The forks were very soft, hard braking caused them to bump out. I decided to replace the springs and ordered the “Compression Spring Reinforced” from BMW (part number 06 31 42 1 232 017).
I took off the handlebars and placed them on the tank covered with a thick rag. I removed the two fork caps with a simple homemade tool – two 4 mm bolts through a piece of aluminum.
Underneath the caps are two 36 mm “spring guide supports” (see red arrows) that need to be removed to get the springs out. The center nut on the steering stem also needs to be removed, it is a 36 mm as well.
Those spring guide supports are very flat, if using a socket it should be modified.
I ground down the socket on a bench grinder (removed the chamfered part). The allows the socket to go deeper over the spring guide support and get a better grip. If you have access to a lathe, even better. Ideally you want to find a socket with 6 points, my hardware store only carried a 12 point, but it worked out.
I tried using a breaker bar, however they wouldn’t move. Even with the impact tool it needed quite a beating to come lose. Everything ultimately went fine though.
The springs came out relatively easily. Pull them out slowly, so the fork oil can drip off and doesn’t splash all over the bike.
The new “reinforced” springs were about two inches shorter than the ones I pulled out, although I could tell that they were stiffer.
The BMW springs have a white dot at one end. This end needs to go to the top.
I decided to add spacers to increase the pre-load. I used a 3/4 inch PVC pipe and cut off two 1-inch pieces.
I already know that I have to go in here again, since I have to change fork seals and steering bearings, so this gives me a starting point to test and I can always modify this later.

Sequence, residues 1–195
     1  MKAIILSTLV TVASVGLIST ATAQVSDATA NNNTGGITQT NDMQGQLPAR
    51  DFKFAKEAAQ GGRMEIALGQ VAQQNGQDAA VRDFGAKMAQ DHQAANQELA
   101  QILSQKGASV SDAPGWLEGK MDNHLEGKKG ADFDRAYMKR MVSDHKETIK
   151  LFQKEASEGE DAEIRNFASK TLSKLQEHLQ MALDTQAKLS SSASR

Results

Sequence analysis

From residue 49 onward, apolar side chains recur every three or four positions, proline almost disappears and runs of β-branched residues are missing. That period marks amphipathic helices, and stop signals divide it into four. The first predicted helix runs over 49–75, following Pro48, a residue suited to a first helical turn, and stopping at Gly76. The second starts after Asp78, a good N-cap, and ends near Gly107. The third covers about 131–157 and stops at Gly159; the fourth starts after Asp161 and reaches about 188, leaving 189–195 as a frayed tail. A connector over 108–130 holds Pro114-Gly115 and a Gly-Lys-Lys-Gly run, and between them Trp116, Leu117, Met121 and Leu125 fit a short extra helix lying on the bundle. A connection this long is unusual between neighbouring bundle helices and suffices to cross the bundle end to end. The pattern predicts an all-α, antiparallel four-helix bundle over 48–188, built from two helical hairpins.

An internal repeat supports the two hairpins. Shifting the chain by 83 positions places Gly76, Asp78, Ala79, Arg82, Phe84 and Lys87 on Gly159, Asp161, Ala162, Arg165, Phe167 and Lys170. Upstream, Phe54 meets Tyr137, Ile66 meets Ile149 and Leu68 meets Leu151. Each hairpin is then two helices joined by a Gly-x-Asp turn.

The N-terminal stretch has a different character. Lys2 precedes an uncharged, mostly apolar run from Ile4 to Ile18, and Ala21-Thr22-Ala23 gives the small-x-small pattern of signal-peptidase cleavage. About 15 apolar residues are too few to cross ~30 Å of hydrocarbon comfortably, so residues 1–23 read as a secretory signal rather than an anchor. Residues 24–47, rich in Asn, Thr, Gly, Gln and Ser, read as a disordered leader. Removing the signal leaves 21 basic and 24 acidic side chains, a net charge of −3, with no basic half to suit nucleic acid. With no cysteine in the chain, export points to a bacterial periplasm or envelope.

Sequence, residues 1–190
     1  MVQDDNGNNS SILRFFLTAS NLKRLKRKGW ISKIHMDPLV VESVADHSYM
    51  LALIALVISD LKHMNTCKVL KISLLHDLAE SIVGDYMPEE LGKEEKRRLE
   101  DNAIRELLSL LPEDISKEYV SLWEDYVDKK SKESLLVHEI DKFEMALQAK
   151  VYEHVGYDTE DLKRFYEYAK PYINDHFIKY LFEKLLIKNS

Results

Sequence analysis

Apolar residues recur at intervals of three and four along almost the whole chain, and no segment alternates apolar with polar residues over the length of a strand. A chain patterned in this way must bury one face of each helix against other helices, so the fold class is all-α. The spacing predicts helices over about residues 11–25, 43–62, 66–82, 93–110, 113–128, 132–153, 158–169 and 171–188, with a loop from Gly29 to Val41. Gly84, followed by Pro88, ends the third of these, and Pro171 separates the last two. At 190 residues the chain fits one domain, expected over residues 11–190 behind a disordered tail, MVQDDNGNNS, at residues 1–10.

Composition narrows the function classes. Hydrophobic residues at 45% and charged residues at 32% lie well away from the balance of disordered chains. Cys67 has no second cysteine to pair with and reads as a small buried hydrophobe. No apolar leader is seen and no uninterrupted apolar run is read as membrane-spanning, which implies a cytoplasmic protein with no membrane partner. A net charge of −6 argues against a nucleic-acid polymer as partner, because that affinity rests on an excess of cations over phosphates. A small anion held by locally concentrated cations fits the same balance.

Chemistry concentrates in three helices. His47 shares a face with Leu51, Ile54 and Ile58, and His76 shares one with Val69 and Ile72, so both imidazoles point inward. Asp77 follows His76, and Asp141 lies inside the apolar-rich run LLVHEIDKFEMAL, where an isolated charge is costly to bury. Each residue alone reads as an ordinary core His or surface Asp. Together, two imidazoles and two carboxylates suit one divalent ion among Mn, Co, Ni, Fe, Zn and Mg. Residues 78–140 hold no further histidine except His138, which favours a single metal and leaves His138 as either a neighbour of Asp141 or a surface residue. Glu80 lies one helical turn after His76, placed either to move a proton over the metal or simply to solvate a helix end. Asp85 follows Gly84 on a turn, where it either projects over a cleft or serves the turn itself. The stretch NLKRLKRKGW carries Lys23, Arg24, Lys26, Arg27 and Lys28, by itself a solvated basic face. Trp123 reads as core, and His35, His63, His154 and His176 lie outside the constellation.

This is how the spacers go over the spring guide support.
Note: After riding like this for a couple hundred miles I removed the spacers while I replaced the fork seals. Forks were too stiff and for me the progressive springs are just right without spacers.
Putting everything back together is simple. Insert the springs, add the spacer (optional) and push down the spring guide support to compress the spring while at the same time threading it in. This requires a bit of force, especially if you add spacers. I put on some leather gloves, placed myself right over the fork leg, pushed down hard and turned at the same time. It took me a few tries but they went in fine. Don’t forget to torque to spec.
While I had everything apart, I put my polishing wheel to work and shined up the handle bar clamps, the triple tree and the caps.
I took the bike out for a test drive, it is much better, but as mentioned above, I ended up removing the spacers later.